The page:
Revolution Museum (Museo de la Revolucion)
(Refugio No.1 admission CUC$6 from 9am-5pm) This was the former Presidential Palace constructed between 1913-1920 and used by Cuban presidents, culminating in Fulgencio Batista. The world-famous Tiffany’s of New York decorated the interior and the Hall of Mirrors was designed to resemble the same as Palace of Versailles. In front of the building is a SAU-100 tank used by Castro during the 1961 battle of the Bay of Pigs. Behind the Museum is the Pavillon Granma a memorial of the yacht that carried Fidel Castro and 81 revolutionaries from Mexico to Cuba in 1956.
San Jose’s Handicraft Market
(Centro Cultural antiguos almacenes de depósito San José) (Av. Desamparados & San Ignacio from 10am-6pm Mon-Sat) It used to be an old shipping warehouse. Possible souvenirs include paintings, guayabera shirts, woodwork, leather items, jewelry, etc.
Havana's commercial hub and archetypal residential district is bisected by two wide Parisian-style boulevards, Calle G and Paseo. During the 40s and 50s this was the place where Havana’s gambling reached its heady climax. The Hotel Nacional once boasted a Las Vegas style casino, the Hotel Riviera was the former stomping ground of influential mobster Meyer Lansky, while Hotel Capri was managed by Hollywood actor George Raft.
Havana’s University (Universidad de La Habana)
(Calle L & San Lazaro) Founded in 1728 was moved to its present neoclassical complex in 1902. Today some 30,000 students follow courses in social sciences, humanities, natural sciences,etc.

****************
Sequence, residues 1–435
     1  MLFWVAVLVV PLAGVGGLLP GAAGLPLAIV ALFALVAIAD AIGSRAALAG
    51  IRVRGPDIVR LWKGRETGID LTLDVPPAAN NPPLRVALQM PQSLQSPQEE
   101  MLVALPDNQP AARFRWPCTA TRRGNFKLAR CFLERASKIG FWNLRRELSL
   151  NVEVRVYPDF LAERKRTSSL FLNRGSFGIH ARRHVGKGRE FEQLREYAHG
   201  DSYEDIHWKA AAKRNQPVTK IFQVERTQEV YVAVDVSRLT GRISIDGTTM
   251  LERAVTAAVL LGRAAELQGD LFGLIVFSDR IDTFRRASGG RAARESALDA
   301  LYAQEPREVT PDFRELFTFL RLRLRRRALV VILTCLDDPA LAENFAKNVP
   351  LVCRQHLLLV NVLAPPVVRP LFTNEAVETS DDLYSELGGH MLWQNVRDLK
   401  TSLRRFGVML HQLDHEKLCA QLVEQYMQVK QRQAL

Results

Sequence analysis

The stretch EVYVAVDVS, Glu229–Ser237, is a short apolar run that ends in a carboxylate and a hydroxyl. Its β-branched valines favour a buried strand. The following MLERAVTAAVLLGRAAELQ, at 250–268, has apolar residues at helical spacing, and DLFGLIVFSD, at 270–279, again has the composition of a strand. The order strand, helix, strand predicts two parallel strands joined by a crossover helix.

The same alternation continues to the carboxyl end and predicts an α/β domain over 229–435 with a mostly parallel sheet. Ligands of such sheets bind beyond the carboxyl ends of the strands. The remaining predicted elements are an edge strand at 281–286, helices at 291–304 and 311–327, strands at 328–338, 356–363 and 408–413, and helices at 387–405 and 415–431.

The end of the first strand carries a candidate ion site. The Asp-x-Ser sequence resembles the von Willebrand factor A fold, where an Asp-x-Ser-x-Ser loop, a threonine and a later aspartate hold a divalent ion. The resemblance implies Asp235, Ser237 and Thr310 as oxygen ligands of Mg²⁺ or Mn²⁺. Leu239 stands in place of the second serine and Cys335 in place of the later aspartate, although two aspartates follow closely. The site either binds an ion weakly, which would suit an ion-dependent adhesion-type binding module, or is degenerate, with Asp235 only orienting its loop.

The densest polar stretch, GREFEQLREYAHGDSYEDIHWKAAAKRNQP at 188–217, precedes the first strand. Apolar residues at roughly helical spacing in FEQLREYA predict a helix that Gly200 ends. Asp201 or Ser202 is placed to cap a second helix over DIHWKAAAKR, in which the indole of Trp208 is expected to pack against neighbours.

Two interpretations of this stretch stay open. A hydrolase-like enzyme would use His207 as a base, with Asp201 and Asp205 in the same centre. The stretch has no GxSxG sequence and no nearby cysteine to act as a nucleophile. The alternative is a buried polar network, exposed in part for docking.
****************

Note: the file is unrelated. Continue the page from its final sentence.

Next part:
(San Miguel No.1159 CUC$3/5 from 9am-4:30pm Tue-Sat) Without doubt, one of the best museums in Havana. It has a collection of 7000 objects associated with the life of Napoleon Bonaparte. Highlights include sketches of Voltaire and paintings of the battle of Waterloo.
Revolution Square (Plaza de la Revolucion)
Conceived by French urbanist Jean Claude Forestier in the 1920s the gigantic Plaza is the base of the Cuban governmment and a place where political rallies are held. Center-stage in the Plaza is the Memorial Jose Marti which at 138.5m is Havana’s tallest structure. Fronted by an impressive 17m marble statue of Marti it houses a museum and a 129m lookout (reached via a small CUC$2 lift) with fantastic city views.
It’s a leafy neighborhood of broad avenues and weeping laurel trees. Along Fifth Avenue many of Havana’s foreign embassies are housed here in old pre-Revolution mansions.
Finca Vigia (Ernest Hemingway’s house)
(San Francisco de Paula, admission CUC$5 from 10am-5pm Mon-Sat/10am-1pm Sun) Located 15km southeast of central Havana this house was bought by the US novelist in 1940 and he lived there continuously until 1960 when he moved back to the United States. The villa’s interior has remained unchanged since the day he left and now is a museum.
The Hamel backstreet (Callejon de Hamel)
(From noon Sunday at the Cayo Hueso neighbourhood) Aside from its funky street murals and psychedelic art shops the main reason to come to Havana’s high temple of Afro-Cuban culture in Centro Habana is for a frenetic rumba music that kicks off every Sunday at around noon.
East Beaches (Playas del Este)
Each of the six beaches that dot this 9km stretch of attractive coastline has its own distinctive flavor. Tarara is a yatch and diving haven, Santa Maria del Mar is where the largest concentration of resorts (and foreigners) can be found. Boca Ciega is popular with gay couples, while Guanabo is the rustic Cuban end of the strip, with shops, a nightclub and a plenty of cheap casas particulares.